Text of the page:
Saturday, September 22, 2007
Happily, this is not that recent a picture. We get sandstorms in the spring rather than in the fall, and this is from a spring sandstorm. I had to run some errands in the middle of this storm and found myself in front of the Sphinx. There were, unbelievably, still buses loading tourists who were climbing aboard probably chewing sand.
Thursday, September 20, 2007
A big part of Ramadan is sweets and most families make them at home. One of the favourites is konafa, which looks a lot like shredded wheat, but not nearly so organised. It is created from a sort of fine noodle that is made the old-fashioned way on a huge griddle. The konafa man takes a pot with fine holes drilled in the bottom, fills it with batter and in a smooth circular motion lays out long lines of the konafa on the griddle. About the time he has covered the entire griddle, the konafa is cooked, so he then scoops it off and piles it to one side. Housewives come and buy the konafa by the kilo, take it home and mix it with a bit of melted butter, then pack it lightly into a tray. A layer of cream, nuts and fruit, or even cheese for a savoury, might be added and then another layer of buttered konafa. This is then baked until the threads are golden brown and a bit crispy. A sweet konafa will then have a sugar or honey syrup poured over it. One of the posh bakeries in Cairo make a konafa that is crispy but not sweet and then spread whipped cream and strawberries on it. Deadly.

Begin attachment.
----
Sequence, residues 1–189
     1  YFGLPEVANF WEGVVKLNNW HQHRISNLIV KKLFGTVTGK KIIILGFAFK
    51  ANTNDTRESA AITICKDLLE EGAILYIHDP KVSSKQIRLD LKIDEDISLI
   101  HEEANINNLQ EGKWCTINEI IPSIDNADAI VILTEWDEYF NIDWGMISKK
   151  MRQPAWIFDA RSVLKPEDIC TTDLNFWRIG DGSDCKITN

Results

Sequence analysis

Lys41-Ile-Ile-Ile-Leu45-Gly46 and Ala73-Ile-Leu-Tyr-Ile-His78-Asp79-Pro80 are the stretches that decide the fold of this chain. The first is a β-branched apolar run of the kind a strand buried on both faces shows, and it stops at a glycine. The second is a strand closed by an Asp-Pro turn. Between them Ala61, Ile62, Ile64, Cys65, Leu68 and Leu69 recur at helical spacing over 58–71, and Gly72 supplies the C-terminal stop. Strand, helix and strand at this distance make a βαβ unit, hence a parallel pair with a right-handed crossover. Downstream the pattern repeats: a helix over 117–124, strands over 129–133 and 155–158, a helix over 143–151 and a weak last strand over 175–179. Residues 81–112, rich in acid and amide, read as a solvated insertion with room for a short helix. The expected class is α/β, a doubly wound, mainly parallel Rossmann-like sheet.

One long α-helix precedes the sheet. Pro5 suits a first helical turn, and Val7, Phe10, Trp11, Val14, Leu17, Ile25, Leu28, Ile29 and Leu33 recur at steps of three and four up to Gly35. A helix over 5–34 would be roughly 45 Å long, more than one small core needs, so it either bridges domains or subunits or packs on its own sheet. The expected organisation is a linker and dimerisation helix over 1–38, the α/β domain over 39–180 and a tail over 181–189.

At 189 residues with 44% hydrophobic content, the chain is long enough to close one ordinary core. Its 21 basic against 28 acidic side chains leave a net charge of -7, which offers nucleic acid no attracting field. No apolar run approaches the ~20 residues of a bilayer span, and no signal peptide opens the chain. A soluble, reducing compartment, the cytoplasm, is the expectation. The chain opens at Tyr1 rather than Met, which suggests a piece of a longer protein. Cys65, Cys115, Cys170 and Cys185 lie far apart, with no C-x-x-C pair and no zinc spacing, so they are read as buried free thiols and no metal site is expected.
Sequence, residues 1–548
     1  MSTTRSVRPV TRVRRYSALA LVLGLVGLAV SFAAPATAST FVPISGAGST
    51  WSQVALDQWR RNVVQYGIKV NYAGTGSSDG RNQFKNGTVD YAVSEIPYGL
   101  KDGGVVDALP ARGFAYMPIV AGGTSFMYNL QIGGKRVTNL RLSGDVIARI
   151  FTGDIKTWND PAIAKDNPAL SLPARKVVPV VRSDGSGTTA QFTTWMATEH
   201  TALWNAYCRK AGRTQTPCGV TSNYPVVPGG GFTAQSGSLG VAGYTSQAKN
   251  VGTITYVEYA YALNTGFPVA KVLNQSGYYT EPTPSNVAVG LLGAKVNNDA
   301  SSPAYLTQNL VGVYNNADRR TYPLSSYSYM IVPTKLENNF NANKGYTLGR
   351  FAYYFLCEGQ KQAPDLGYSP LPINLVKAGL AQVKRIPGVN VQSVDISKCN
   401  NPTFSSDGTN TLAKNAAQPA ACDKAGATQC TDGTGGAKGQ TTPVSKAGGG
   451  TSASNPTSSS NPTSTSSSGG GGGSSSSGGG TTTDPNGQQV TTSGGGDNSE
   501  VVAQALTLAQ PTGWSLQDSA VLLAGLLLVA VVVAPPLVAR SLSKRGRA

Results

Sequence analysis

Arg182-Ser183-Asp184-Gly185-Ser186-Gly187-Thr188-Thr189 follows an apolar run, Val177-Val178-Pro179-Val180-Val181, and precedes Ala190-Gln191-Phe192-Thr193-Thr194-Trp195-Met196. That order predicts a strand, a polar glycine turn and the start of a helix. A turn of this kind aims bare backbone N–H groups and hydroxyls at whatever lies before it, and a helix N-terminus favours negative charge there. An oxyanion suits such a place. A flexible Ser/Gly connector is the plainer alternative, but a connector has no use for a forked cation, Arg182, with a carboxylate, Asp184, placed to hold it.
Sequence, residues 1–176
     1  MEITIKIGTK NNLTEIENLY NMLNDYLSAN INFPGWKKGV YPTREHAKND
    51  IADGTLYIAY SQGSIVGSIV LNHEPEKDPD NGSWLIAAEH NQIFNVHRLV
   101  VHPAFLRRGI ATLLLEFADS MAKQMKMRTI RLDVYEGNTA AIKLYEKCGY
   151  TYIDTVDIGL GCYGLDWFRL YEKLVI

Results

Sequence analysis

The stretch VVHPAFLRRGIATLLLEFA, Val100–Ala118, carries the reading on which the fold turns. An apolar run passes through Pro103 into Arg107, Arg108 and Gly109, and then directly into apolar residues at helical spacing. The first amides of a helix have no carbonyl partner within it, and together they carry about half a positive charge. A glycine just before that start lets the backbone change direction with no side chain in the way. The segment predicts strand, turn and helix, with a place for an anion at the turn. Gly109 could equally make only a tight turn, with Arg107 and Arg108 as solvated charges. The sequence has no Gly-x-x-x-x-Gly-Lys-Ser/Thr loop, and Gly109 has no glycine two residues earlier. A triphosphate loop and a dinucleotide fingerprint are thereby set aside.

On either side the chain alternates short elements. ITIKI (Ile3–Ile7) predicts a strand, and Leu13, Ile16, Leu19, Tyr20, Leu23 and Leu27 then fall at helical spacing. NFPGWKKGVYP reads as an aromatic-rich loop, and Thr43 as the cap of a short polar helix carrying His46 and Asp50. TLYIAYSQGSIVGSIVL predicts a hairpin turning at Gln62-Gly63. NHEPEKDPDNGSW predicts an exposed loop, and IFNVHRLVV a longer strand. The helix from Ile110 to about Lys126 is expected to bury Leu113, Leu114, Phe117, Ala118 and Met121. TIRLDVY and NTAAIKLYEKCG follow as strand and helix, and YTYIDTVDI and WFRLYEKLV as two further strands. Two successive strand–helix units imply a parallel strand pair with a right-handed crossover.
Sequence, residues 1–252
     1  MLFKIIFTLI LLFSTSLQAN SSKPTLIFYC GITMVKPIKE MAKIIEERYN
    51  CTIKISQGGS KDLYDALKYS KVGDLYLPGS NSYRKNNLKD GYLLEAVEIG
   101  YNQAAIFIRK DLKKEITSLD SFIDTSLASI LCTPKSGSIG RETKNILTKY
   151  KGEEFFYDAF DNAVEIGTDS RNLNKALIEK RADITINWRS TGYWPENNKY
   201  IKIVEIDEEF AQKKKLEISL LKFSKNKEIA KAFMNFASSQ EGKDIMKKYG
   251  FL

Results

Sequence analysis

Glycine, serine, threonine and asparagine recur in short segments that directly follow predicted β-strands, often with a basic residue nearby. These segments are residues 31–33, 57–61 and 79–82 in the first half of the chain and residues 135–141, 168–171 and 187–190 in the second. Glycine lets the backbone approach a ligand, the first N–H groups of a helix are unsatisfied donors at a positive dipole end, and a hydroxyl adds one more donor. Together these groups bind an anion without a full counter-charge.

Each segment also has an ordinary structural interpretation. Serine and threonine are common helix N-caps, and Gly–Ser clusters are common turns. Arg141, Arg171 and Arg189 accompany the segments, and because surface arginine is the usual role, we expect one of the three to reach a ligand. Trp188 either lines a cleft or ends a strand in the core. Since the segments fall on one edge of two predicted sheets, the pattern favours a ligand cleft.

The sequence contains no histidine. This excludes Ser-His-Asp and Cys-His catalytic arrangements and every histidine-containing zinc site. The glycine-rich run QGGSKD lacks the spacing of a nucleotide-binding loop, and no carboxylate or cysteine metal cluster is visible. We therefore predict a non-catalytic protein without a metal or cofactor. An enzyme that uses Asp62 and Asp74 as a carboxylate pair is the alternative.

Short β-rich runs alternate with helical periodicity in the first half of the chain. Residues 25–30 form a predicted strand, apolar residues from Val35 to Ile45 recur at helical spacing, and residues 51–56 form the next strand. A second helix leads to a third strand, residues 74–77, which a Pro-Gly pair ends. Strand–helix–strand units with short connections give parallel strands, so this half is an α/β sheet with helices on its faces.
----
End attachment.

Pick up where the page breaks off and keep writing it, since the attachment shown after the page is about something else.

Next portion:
Monday, September 17, 2007
It's Ramadan and this year date season is right on time. Dates are the traditional food with which one breaks the fast, and it's perfect to have them literally dropping off the trees. But most dates are harvested by men who climb up the palms and cut the branches full of ripe dates and then lower them to the ground in the round baskets that are themselves woven from the leaves of the date palm.
Sunday, September 16, 2007
Before I moved to Egypt, I assumed that dates were brown. As far as I knew, they grew in little packages and were sweet, sticky and soft. The reality, as usual, is far from the assumption. Most of the palm trees in Egypt are date palms and they produce fruit that varies from a light yellow, through gold to a deep dark red. Every type has a different flavour, texture and use. All of them eventually ferment slightly to become the sticky brown sweet that most people in the world know. Fresh from the tree, they are slightly tart, crisp, moist and sweet.